Does My Loved One Have Obsessive Compulsive Disorder?
It’s common for people to double check the stove to be sure it’s turned off before leaving the house or to make sure that a door is locked before resorting to bed for the evening, but for those who suffer from Obsessive Compulsive Disorder, the desire to double check things and triple and even quadruple check on things becomes a ritualistic event plagued by obsessive thoughts and feelings of anxiety. Recognizing the signs of OCD early on can help you determine whether a loved one is suffering from more than just a need to check in on things.
Signs of OCD
People who suffer from Obsessive Compulsive Disorder will generally have a range of thoughts and feelings that make it difficult for them to function normally. They obsess over things and become very anxious. The most common signs of obsessive compulsive disorder that you should be aware of include:
- repeat thoughts or imagery that include fear of things like germs, dirt, acts of violence or being hurt
- taking part in ritualistic activities such as repeatedly washing ones hands or locking doors or counting
- feeling anxious about the repeating of the ritualistic behavior, as if there is never a sense of security or pleasure gained from the repeat action
- spending hours each day focused on rituals or on thought processes that interrupt daily routines or the ability to function normally.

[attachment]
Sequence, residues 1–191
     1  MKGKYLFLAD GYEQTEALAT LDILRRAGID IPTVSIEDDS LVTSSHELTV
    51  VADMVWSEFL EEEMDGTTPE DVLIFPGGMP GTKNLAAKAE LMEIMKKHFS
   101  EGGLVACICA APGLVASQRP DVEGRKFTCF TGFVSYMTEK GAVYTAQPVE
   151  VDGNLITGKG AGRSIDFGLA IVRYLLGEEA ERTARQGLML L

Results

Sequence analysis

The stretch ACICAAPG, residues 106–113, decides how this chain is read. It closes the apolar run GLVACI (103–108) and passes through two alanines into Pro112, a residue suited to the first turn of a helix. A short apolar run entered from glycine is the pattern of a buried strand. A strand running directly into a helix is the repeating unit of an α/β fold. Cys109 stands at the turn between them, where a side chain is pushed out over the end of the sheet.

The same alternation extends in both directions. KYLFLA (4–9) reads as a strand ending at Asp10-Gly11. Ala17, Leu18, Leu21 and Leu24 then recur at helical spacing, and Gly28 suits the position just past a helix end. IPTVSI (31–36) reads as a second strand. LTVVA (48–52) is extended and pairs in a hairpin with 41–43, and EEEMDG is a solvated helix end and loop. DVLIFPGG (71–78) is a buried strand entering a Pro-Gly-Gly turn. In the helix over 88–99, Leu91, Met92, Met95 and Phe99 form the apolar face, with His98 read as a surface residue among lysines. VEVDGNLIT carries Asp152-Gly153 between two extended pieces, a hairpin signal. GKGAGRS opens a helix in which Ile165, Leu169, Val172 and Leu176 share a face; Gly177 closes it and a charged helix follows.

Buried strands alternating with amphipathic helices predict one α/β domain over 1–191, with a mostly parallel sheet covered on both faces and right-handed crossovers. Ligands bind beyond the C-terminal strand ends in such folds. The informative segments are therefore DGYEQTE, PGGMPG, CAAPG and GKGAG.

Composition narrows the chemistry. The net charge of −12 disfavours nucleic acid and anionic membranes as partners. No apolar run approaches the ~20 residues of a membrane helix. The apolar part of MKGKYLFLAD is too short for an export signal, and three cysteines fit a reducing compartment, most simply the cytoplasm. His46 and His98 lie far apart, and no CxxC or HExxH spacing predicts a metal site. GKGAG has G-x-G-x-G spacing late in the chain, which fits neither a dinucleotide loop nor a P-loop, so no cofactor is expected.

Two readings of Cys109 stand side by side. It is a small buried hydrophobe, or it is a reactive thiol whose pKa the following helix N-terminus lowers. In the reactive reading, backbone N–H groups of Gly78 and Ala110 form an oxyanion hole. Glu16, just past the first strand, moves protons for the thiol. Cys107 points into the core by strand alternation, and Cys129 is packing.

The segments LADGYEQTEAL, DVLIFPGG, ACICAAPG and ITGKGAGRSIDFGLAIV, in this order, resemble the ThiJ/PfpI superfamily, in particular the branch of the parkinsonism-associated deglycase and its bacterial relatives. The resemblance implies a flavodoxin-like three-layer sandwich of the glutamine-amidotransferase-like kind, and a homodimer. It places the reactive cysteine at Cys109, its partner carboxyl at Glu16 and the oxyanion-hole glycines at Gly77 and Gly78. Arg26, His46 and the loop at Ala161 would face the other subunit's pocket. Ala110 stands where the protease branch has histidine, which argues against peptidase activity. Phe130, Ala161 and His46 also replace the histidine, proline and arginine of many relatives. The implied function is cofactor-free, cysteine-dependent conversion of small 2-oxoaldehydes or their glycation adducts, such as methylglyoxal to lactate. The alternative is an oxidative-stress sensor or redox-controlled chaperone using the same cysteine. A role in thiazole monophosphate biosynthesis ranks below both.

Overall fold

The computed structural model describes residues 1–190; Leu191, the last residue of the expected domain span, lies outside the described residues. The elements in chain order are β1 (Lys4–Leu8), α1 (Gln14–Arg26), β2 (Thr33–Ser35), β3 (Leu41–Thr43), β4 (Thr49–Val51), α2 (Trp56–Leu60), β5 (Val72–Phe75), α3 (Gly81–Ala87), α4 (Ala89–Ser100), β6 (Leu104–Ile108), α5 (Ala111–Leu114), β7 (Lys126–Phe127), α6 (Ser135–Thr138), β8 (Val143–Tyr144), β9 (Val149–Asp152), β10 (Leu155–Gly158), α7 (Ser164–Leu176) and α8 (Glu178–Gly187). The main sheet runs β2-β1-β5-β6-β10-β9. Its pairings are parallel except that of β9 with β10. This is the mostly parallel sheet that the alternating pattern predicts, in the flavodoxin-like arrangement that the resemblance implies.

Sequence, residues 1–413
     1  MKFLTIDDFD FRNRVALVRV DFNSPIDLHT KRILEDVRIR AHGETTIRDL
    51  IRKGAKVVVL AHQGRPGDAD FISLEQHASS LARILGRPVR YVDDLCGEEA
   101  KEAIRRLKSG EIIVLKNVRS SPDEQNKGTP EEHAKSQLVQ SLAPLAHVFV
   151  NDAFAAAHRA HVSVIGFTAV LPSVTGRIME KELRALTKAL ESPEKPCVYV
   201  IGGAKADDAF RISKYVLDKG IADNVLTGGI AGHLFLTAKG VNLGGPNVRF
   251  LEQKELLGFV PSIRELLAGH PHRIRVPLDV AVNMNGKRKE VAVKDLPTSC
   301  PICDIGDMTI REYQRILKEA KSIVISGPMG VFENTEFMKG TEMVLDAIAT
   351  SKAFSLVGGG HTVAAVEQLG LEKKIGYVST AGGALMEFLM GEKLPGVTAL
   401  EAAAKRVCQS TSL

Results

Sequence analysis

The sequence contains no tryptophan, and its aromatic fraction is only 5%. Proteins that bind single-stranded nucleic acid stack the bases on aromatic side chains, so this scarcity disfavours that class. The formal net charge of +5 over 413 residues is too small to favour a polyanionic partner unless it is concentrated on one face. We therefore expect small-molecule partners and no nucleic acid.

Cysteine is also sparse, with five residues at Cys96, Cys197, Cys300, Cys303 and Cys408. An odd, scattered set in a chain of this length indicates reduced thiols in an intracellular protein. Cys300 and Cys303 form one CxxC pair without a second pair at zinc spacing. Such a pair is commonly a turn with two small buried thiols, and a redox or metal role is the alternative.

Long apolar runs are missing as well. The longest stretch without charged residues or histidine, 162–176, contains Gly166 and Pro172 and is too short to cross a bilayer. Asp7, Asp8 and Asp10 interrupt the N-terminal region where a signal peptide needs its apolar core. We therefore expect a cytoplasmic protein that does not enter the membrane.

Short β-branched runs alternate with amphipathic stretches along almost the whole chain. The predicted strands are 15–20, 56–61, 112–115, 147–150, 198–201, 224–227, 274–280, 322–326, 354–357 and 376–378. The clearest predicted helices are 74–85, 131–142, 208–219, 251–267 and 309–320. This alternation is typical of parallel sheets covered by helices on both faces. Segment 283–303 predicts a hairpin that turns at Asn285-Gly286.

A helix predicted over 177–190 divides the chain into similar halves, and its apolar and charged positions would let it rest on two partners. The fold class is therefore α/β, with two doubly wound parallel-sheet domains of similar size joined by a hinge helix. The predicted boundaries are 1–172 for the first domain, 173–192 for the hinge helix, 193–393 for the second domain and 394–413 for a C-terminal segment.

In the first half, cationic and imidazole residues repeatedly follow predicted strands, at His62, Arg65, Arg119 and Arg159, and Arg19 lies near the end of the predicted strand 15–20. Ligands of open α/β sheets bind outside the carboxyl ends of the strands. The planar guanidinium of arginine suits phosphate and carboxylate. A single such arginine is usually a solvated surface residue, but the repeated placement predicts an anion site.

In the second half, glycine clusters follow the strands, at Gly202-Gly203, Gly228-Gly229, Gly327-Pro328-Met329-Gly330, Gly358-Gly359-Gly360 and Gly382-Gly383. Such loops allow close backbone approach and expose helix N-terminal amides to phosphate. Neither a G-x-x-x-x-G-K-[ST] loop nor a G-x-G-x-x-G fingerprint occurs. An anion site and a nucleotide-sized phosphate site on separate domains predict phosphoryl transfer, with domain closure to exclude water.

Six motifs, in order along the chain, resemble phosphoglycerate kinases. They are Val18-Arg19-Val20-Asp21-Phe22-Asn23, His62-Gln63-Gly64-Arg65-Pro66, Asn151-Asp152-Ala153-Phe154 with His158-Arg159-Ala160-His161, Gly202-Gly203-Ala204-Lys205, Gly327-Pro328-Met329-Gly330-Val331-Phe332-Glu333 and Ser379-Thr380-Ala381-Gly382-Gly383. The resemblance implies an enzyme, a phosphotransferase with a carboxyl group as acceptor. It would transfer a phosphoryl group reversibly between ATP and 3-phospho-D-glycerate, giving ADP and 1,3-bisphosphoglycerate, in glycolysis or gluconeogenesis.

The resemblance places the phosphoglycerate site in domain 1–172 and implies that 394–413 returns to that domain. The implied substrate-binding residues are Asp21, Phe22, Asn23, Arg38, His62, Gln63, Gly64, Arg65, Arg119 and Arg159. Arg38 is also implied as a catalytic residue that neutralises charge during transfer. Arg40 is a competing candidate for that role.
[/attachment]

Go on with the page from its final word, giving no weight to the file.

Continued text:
According to the National Institute of Mental Health, “OCD causes distress and (can) get in the way of daily life.” Most people who are suffering from this condition will be compulsive about something in particular or about many different things.
You may catch your loved one counting the number of bites he or she takes at dinner or at each meal, or locking and unlocking the door to be sure that it’s “locked right,” or repeating things over and over again so as not to forget. The individual may be very anxious about being dirty or about germs, repeatedly washing his or her hands or feeling the need to shower excessively or clean the house excessively.
The need to check, touch and repeat or count things is very common in people with OCD. While being safe about a situation or double checking is generally not a compulsion that warrants a need to worry, OCD can lead to complete preoccupation with the way that things “Must” be in order to prevent fear, anxiety or perceived danger and this can interrupt normal routines.
If you think that your loved one may be suffering from Obsessive Compulsive Disorder, consider seeking professional help to make a thorough diagnosis of the problem. Many means of behavioral therapy, especially cognitive-behavioral therapy, can be highly effective at helping an individual overcome his or her anxieties and get back on track. Diagnosing the problem is the first step in the overall process of getting help and recovering from OCD.